Chapter two shows that this Epistle, like 2 Timothy, 2 John, 3 John, and Jude, was written in the time of the church's degradation and apostasy. Hence, apostasy was the background of this book. The burden of the writer was to inoculate the believers against the poison of apostasy. God's salvation is to impart Himself in His Trinity into the believers that He may be their life and life supply. This is God's economy, God's plan. The apostasy distracted the believers from the economy of God by leading them into the human logic of puzzling philosophies. This did not lead them to partake of the tree of life, which gives life, but to participate in the tree of knowledge, which brings in death (Gen. 2:9, 16-17). Thus the serpent deceived and seduced Eve (Gen. 3:1-6). In order to inoculate against this death-poison, in his healing Epistle the apostle first prescribed the divine power as the strongest and most effective antidote. This provides the believers with all things related to the generating and supplying divine life (not the killing knowledge) and the God-expressing godliness (not the show of human wisdom). This rich divine provision, which is covered in detail in the succeeding verses (to v. 11), is more than sufficient to enable the believers to live a proper Christian life and overcome the satanic apostasy.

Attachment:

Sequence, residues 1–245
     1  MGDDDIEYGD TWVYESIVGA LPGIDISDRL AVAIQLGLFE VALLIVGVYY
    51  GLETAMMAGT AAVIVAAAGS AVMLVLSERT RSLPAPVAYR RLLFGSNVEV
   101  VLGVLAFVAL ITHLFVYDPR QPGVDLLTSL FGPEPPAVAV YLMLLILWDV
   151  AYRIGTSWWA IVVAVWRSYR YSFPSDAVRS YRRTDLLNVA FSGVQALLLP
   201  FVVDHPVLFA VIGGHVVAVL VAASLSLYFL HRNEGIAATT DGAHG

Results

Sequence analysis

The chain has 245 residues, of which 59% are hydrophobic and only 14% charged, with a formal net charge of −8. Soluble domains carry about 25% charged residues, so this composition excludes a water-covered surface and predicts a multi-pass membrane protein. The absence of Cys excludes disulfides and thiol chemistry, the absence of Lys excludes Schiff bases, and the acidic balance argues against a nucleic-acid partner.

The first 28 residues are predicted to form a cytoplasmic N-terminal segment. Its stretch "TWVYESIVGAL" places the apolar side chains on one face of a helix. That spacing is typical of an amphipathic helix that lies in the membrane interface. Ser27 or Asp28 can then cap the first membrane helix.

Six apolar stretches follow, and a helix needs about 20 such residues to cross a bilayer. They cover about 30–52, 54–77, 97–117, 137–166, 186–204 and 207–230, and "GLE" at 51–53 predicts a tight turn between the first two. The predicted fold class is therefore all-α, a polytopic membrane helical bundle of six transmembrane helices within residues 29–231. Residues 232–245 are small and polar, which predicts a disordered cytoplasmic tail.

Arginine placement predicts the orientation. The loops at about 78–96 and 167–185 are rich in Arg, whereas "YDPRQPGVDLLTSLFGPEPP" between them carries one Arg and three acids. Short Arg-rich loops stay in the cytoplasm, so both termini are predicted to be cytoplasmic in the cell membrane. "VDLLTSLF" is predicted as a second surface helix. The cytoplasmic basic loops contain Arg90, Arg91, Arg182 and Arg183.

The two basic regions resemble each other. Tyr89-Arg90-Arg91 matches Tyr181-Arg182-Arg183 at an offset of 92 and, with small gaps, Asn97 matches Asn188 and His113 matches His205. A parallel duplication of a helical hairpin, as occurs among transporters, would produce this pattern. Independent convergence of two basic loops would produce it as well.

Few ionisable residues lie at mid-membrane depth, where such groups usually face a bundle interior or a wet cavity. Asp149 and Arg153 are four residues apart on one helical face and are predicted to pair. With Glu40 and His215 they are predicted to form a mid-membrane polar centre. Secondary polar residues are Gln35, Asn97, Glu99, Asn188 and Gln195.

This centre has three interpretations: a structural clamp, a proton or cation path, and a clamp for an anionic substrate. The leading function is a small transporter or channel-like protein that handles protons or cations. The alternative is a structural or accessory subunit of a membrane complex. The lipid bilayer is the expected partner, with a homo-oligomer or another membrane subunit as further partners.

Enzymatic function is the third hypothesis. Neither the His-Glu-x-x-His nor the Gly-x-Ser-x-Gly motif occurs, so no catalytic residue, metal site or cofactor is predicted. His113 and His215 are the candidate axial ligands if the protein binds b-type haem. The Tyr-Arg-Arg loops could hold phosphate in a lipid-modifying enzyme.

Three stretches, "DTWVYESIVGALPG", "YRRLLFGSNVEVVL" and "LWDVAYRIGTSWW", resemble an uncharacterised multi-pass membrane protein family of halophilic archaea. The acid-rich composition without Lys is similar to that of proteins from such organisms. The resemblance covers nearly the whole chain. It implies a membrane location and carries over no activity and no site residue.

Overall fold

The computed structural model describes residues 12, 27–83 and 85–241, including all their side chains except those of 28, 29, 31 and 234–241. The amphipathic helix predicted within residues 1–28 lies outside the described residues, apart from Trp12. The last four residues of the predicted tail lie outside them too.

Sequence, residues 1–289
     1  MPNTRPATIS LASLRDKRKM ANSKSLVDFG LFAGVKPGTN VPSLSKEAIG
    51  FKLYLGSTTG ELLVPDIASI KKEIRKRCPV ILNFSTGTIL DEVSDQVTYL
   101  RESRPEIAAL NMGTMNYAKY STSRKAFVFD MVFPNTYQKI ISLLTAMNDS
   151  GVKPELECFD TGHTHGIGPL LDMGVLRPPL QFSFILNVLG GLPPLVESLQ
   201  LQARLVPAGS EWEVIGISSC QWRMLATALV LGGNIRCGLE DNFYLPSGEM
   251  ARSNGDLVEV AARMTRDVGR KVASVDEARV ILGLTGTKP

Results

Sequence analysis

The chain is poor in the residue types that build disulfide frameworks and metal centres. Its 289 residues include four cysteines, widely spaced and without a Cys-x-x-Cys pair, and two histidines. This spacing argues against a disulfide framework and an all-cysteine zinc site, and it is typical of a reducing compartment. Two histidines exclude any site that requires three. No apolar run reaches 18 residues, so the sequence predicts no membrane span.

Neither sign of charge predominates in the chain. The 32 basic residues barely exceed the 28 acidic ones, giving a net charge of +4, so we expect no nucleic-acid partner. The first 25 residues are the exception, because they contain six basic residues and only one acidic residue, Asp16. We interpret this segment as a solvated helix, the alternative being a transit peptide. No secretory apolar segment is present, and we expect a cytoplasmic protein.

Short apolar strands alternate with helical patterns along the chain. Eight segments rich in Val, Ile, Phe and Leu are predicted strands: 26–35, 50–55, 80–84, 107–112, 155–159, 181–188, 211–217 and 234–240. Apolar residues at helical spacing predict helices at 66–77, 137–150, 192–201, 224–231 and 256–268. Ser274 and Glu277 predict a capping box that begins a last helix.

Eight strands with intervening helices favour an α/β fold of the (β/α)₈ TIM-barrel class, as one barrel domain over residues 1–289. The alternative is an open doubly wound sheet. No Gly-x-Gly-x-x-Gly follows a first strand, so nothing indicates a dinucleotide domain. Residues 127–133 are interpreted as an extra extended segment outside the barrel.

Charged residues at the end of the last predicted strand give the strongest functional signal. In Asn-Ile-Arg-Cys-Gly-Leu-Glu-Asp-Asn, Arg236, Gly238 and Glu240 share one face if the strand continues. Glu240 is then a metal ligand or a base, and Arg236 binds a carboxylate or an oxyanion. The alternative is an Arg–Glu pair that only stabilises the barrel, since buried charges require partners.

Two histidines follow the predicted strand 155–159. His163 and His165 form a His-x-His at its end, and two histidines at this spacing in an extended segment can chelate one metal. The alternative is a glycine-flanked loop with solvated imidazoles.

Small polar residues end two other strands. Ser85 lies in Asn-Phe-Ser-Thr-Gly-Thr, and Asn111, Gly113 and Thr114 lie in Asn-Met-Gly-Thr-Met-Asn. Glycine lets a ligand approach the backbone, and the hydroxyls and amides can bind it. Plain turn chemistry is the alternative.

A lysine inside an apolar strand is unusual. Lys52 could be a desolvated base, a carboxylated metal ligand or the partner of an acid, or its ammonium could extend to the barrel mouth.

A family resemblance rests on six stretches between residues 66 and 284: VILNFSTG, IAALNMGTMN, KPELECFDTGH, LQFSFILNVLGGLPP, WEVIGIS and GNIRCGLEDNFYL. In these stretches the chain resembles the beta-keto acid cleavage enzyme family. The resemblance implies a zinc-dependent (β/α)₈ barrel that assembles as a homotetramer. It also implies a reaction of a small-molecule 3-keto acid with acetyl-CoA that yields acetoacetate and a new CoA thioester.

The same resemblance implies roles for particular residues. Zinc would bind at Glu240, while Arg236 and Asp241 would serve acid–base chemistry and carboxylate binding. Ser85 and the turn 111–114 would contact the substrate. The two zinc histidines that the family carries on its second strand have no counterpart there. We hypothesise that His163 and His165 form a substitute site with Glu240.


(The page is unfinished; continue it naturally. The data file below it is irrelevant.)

Divine denotes the eternal, unlimited, and almighty divinity of God. Hence, divine power is the power of the divine life, which is related to the divine nature.